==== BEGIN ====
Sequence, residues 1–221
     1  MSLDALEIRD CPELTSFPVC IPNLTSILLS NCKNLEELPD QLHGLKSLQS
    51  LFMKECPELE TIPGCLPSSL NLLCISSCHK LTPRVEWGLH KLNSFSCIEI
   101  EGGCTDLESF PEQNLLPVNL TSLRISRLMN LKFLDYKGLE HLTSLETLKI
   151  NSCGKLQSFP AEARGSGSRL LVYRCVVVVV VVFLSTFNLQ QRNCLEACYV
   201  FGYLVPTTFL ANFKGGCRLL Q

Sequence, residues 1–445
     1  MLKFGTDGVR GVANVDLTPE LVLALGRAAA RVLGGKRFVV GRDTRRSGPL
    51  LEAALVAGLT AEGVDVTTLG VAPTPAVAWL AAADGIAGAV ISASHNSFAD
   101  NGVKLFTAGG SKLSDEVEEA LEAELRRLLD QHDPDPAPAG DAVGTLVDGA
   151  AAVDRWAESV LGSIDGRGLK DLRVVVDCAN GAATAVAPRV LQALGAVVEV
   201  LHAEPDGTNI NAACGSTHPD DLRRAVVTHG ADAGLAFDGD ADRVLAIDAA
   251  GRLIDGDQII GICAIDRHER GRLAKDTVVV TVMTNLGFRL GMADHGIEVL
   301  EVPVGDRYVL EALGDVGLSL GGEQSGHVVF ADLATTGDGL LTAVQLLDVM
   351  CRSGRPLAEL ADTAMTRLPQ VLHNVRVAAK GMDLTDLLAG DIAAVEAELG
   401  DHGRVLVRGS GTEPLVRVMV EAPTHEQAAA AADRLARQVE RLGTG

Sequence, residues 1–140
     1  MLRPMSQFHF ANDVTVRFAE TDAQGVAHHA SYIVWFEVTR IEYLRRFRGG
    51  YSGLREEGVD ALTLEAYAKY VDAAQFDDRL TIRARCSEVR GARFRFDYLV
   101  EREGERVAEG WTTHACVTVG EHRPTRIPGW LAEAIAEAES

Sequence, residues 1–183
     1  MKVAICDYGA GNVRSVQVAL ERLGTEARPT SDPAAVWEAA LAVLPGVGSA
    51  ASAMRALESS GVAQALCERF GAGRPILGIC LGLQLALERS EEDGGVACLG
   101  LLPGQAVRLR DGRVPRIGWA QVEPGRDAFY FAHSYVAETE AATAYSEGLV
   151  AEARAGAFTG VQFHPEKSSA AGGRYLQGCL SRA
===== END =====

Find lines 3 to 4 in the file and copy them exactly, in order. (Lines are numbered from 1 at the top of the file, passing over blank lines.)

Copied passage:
    51  LFMKECPELE TIPGCLPSSL NLLCISSCHK LTPRVEWGLH KLNSFSCIEI
   101  EGGCTDLESF PEQNLLPVNL TSLRISRLMN LKFLDYKGLE HLTSLETLKI